After viewing the Albers portfolio and doing Albers studies on the Albers iPad app, I prepared a vector drawing of a famous painting (Van Gogh’s Bedroom in Arles, 1888.). Each student colorized it differently, with a limited color palette of their own, resulting in a broad range of outcomes. In this way we learned how color combinations can affect the perspective, mood and feel of a composition.
How can you turn a flat drawing into a 3-dimensional composition? How can modules be put together to create larger objects? In this project, students learned basic shape drawing commands in Illustrator and proceeded to cut their drawings on the digital paper cutters called Cameos. After connecting their shapes into larger clusters, they photographed them against black or white backgrounds. Check out the fun results!
Students first used the Spielgaben kits and paper grids to create animated gifs exploring the grid, modularity and motion. In addition, they applied the Gestalt principles of composition, including the figure/ground relationship, similarity, closure and multistability. For homework, they used materials of their choice with the paper grids to build even more complex animations.
After studying “good” and “bad” interfaces, students worked in teams to design apps of their own that responded to various problems in their lives. One group made an app that would track packages with ease. Another proposed an app to teach each other cooking skills. Still others made apps to build communities around shared interests, such as musical theatre, art appreciation and love for dogs. The concepts were prototyped using InVision, a free online tool for building web and mobile mockups.
Students loved the immediacy of being able to thumb through their mockups on their phones. They felt this assignment was familiar, close to their real lives, and they appreciated being asked to think in these contemporary terms.
In this assignment, students took a flat letterform and turned it into 3-dimensional form, using basic commands such as extrude, rotate, and bevel. They performed these actions in a free program called 123D Design, and we printed the pieces on an Ultimaker 2 printer.
Color, Text and Context B
The class was given one more week to advance the projects. The final Color, Text and Context project produced more effective results. The iteration required for the second work promoted further investment in the final work.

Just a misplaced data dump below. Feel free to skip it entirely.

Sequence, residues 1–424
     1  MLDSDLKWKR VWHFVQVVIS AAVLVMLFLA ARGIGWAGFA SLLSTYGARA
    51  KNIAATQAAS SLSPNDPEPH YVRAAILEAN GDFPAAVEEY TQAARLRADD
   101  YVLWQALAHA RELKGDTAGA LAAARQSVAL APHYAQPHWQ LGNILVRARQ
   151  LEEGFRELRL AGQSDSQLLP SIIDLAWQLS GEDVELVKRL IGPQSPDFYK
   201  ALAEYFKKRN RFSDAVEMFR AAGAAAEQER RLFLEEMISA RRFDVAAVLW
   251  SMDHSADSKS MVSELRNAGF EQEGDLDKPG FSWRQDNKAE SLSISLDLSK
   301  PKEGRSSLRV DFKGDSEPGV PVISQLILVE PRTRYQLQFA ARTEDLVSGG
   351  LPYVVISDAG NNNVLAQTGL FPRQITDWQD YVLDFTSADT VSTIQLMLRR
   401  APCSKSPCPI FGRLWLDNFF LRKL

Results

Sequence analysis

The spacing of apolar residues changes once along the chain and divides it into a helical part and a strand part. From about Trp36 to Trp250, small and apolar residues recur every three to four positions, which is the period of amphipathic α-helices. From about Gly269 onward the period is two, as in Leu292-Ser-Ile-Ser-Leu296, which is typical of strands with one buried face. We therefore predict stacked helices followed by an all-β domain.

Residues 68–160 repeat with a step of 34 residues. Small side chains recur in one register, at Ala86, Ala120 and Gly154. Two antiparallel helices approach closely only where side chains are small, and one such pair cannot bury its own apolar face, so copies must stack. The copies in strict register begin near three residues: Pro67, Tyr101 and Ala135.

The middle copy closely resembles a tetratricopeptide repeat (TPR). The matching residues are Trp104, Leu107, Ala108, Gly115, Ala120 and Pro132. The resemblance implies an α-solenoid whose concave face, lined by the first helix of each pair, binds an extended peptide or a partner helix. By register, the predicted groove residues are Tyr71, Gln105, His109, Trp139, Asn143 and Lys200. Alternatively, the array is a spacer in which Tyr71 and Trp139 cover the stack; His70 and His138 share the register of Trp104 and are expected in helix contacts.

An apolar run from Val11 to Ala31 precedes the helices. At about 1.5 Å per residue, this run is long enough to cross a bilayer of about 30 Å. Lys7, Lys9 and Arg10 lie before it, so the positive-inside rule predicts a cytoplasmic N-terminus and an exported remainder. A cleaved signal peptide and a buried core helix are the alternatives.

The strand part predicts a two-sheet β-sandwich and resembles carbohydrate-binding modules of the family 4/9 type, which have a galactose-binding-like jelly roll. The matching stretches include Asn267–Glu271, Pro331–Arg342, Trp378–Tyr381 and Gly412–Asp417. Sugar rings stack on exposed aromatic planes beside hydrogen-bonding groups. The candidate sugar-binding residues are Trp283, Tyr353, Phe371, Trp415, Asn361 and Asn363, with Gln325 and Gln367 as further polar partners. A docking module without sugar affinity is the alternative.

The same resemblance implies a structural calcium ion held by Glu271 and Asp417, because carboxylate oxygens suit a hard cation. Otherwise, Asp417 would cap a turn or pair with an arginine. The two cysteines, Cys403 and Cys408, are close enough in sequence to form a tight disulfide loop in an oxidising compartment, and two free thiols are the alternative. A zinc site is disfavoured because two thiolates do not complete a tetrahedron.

In closing, the last assignment segment acts as continuity from the first assignment. In Spring 16 Elements 2 will approach color, light, and content more specifically. Once the 3D printers are an option, students will be working with digital workflows again to build conceptual character designs using 123D Design, and exported STLs to 3D print.
Students were prompted to use Adobe Illustrator to generate a line base drawing, a vector artwork. This was then saved as an .SVG, which was imported into Tinkercad.com, where it was converted into an.STL file for 3D printing. The .STL was then saved and imported into Photoshop’s 3D layer mode for integration into a layered image with dynamic lighting.
This project required:
Web Based program
Multiple conversions of digital artwork file to make a final work
Iteration of digital files in multiple formats
Project #4 Modular Collaborative Stop Motion Animations
Students were prompted to use the Froeble block system and stop-motion animation techniques to record video using a camera, working collaboration in small groups.
This project required:
Using a camera to shoot video
Control of artificial lighting
Adobe Premier video editing
Modular use of Froeble block system
Collaborative, group project dynamics
Stop-motion animation techniques
Video post production collaboration